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Women, wealth effects, and slow recoveries

Author: Masao Fukui; Emi Nakamura; Jón Steinsson; National Bureau of Economic Research,
Publisher: Cambridge, Mass. : National Bureau of Economic Research, 2018.
Series: Working paper series (National Bureau of Economic Research), no. 25311.
Edition/Format:   eBook : Document : EnglishView all editions and formats
Summary:
Business cycle recoveries have slowed in recent decades. This slowdown comes entirely from female employment: as women's employment rates converged towards men's over the past half-century, the growth rate of female employment slowed. We ask whether this slowdown in female employment caused the slowdown in overall employment during recent business cycle recoveries. Standard macroeconomic models with “balanced growth  Read more...
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Material Type: Document, Internet resource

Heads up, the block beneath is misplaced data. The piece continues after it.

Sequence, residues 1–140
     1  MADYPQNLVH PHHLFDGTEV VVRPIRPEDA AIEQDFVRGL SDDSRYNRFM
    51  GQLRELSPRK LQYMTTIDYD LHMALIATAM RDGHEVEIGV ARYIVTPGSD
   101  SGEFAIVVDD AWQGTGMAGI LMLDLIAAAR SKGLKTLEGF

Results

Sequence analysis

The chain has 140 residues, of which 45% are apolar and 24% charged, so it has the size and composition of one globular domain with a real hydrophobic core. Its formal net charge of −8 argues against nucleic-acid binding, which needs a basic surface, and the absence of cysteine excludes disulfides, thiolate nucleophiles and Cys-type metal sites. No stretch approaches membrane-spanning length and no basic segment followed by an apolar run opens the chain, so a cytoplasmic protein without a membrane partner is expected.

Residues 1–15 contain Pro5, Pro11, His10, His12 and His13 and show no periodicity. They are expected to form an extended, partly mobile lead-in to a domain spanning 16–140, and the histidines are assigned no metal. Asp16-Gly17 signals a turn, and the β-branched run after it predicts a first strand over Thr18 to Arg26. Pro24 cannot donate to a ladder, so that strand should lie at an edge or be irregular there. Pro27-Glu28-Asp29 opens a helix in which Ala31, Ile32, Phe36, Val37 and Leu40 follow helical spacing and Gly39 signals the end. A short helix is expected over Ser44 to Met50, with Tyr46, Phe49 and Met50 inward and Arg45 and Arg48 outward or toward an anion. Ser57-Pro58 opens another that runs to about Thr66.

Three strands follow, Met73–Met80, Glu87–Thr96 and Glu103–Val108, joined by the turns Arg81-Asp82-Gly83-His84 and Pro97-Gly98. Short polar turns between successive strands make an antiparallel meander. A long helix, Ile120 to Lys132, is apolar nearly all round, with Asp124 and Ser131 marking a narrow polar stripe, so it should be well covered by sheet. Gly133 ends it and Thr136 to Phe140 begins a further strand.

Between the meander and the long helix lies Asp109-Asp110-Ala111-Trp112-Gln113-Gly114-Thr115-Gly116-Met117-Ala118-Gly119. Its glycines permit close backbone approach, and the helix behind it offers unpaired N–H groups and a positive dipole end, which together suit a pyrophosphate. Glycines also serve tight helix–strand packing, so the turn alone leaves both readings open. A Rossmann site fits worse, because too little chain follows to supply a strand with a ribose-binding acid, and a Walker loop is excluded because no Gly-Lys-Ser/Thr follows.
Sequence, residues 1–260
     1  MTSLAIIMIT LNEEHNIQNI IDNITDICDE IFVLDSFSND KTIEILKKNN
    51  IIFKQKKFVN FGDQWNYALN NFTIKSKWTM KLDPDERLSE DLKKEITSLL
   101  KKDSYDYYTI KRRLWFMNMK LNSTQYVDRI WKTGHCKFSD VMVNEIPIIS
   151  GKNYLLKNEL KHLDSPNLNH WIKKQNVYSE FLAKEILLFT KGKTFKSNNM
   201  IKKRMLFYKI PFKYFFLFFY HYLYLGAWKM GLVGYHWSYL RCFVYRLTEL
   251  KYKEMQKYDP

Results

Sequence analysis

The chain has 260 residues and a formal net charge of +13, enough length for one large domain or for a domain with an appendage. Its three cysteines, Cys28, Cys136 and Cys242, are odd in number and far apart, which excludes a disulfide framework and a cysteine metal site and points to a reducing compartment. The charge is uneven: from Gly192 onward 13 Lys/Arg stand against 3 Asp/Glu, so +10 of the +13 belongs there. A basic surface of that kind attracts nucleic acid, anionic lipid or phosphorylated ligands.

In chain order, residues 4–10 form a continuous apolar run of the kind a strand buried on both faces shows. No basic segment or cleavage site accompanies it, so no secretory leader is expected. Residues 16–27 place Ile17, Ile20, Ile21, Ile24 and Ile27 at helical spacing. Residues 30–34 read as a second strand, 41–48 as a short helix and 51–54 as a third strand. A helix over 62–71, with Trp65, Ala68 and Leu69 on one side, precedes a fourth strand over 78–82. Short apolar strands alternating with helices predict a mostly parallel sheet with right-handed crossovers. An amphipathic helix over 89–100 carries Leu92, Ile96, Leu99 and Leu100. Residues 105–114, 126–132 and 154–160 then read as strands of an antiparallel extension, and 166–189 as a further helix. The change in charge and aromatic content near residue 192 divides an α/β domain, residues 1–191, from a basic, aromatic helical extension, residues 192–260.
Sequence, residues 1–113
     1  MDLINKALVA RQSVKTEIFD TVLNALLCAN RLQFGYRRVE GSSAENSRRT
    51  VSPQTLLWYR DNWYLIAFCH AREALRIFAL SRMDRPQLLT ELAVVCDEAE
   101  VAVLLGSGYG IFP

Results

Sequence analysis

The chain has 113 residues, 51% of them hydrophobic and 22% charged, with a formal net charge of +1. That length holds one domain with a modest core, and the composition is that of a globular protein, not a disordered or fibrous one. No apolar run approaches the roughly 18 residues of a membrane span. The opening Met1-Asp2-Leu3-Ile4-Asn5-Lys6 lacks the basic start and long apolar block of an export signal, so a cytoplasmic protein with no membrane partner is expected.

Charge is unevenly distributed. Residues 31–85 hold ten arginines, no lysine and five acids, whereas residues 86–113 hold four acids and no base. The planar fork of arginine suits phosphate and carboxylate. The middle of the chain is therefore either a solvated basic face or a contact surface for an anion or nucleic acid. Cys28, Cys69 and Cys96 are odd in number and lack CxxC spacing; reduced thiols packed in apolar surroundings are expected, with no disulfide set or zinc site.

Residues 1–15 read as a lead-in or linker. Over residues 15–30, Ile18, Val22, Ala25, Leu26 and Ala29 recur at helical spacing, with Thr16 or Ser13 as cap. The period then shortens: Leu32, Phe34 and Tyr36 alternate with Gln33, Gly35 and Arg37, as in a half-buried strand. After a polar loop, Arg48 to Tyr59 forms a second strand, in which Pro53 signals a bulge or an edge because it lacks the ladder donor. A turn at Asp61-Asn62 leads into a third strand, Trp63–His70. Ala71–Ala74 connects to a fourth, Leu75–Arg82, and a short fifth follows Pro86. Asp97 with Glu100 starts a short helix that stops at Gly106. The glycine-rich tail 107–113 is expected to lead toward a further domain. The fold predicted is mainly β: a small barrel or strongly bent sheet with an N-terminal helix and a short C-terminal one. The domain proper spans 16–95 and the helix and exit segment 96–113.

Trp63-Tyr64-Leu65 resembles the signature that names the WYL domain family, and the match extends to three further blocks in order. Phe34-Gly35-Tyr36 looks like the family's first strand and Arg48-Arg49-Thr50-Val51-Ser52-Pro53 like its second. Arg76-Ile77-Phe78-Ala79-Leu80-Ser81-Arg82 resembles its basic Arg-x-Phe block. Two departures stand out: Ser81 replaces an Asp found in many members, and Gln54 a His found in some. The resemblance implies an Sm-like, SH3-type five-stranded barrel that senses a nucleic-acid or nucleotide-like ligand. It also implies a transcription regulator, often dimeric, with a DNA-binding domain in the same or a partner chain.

Document Type: Internet Resource, Computer File
All Authors / Contributors: Masao Fukui; Emi Nakamura; Jón Steinsson; National Bureau of Economic Research,
OCLC Number: 1078771543
Notes: "November 2018"
Description: 1 online resource (78 pages) : illustrations.
Series Title: Working paper series (National Bureau of Economic Research), no. 25311.
Responsibility: Masao Fukui, Emi Nakamura, Jón Steinsson.

Abstract:

Business cycle recoveries have slowed in recent decades. This slowdown comes entirely from female employment: as women's employment rates converged towards men's over the past half-century, the growth rate of female employment slowed. We ask whether this slowdown in female employment caused the slowdown in overall employment during recent business cycle recoveries. Standard macroeconomic models with “balanced growth preferences” imply that this cannot be the cause, since the entry of women “crowds out” men in the labor market almost one-for-one. We estimate the extent of crowd out of men by women in the labor market using state-level panel data and find that it is small, contradicting the standard model. We show that a model with home production by women can match our low estimates of crowd out. This model – calibrated to match our cross-sectional estimate of crowd out – implies that 70% of the slowdown in recent business cycle recoveries can be explained by female convergence.

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